Location: Rangeland Resources & Systems ResearchTitle: Humbled by nature: A rancher’s mental-model of adaptation in the Great Plains
|STURROCK, JIM - Producer|
Submitted to: Great Plains Research
Publication Type: Peer Reviewed Journal
Publication Acceptance Date: 11/7/2018
Publication Date: 4/6/2020
Citation: Wilmer, H.N., Sturrock, J. 2020. Humbled by nature: A rancher’s mental-model of adaptation in the Great Plains. Great Plains Research. 30(1):15-33. https://doi.org/10.1353/gpr.2020.0001.
Interpretive Summary: This paper provides an in-depth look at how ranchers make decisions. It details a rancher's mental model of the multiple dimensions of ranching. It describes how the rancher views weather, markets, livestock, and ecological dynamics, and how he sets goals to manage these dynamics for sustainable use into the future. The study uses qualitative data from repeated interviews to apply the mental model to a case in Colorado. We highlight how the rancher understands and adapts to the ecosystem in space, via a participatory map. We also show 10 years of management records, in a timeline, to highlight how the rancher changed over time in both his philosophy and management strategies. We discuss how this "insider's" look at ranching mental models enhances our understanding of ranch adaptation. This information might also inform other first generation ranchers seeking adaptive management strategies. Finally, our paper offers a unique collaborative methodology that can be useful for other researchers seeking to better understand the world views of ranchers.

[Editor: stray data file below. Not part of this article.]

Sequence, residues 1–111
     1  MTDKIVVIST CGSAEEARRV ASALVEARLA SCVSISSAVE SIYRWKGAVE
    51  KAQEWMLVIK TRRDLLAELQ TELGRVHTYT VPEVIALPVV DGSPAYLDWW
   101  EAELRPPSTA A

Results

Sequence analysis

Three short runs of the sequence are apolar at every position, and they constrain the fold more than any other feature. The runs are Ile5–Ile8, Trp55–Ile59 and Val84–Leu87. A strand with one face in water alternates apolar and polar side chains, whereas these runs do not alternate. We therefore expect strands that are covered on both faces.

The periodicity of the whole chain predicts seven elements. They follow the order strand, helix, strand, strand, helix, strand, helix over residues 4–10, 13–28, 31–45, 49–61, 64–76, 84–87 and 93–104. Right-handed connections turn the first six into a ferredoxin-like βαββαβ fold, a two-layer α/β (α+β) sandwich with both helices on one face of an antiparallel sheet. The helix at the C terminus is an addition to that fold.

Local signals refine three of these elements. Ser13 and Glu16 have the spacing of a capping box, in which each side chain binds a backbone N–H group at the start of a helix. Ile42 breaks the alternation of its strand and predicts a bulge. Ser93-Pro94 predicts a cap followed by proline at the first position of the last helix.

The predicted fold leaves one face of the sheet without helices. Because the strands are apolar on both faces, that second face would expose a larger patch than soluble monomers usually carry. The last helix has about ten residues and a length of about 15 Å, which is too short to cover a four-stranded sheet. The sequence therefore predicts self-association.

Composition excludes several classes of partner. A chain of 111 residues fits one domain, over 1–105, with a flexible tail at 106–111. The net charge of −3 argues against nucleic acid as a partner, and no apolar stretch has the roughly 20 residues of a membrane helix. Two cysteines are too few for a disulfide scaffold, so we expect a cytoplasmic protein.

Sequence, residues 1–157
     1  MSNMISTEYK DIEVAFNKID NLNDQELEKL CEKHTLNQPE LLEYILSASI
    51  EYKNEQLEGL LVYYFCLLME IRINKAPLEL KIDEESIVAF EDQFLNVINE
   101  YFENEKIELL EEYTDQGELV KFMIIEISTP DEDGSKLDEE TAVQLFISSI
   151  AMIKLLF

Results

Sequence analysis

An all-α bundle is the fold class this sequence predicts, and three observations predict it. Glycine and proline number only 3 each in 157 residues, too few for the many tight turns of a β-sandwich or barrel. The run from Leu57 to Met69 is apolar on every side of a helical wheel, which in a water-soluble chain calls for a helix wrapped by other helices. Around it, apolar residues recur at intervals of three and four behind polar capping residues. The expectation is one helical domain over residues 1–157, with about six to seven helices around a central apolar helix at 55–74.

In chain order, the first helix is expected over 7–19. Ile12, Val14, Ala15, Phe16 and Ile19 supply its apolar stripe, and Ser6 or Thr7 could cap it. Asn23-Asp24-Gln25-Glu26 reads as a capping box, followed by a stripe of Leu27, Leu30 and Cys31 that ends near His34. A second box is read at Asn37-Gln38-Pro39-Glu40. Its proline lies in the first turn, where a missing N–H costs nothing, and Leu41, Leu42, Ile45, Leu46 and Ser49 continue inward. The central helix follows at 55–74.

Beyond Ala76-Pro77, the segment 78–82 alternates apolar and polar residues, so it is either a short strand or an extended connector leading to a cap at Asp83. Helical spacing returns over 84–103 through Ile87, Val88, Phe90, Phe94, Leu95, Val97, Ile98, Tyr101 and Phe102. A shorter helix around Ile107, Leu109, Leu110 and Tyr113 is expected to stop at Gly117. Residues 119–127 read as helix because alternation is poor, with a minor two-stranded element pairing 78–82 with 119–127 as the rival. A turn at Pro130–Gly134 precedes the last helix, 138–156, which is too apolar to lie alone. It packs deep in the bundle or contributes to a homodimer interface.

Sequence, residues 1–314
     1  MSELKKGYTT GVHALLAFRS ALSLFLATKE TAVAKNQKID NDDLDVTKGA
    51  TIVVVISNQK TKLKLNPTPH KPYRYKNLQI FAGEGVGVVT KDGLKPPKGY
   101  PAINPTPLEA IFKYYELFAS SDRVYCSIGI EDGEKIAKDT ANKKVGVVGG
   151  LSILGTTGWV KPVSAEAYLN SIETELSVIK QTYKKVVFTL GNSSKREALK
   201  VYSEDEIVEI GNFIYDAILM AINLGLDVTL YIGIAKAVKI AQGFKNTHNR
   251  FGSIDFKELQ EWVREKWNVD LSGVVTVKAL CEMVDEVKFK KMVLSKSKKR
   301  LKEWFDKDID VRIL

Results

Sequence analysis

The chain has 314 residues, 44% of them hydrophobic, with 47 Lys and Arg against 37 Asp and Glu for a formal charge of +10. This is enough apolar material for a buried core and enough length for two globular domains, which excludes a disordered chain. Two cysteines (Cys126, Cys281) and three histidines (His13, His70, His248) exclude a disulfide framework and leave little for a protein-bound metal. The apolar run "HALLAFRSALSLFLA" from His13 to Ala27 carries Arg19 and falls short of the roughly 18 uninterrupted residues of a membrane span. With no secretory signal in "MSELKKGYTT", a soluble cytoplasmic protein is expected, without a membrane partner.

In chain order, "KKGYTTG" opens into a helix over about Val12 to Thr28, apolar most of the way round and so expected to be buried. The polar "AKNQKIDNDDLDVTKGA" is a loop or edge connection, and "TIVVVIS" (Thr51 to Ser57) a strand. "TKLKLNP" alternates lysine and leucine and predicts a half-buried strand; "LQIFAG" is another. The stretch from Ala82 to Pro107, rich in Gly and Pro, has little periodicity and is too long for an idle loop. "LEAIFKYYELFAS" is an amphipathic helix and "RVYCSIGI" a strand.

Technical Abstract: Ranchers in the Great Plains make decisions in complex social and ecological environments. While a great deal of research has studied rancher adaptation, an insider’s or “emic” view rancher’s mental models is less well understood. In this study a rancher and a researcher collaborate to document ten years of management on a Colorado ranch. Using data from repeated interviews, participatory mapping and records review, we describe a conceptual model for ranch decision-making. Then, we illustrate the spatial ecology of these decisions, via a participatory map. Finally, we show management, climate, and ecological records over ten years. This timeline illustrates how the rancher’s management approach and relationship to the ecosystem changed over time from viewing himself as the “controller” of the ecological community to “member of it”. We discuss how our results complement existing research about ranch systems adaptation by documenting how climate, weather, economic and ecological dynamics interacted with the rancher’s own self-image and how management strategies changed over time. Our collaborative methodology and the resultant mental model may inform other first-generation ranchers seeking to develop adaptive management approaches, and researchers seeking to better understand the decision-making environments of their rancher collaborators.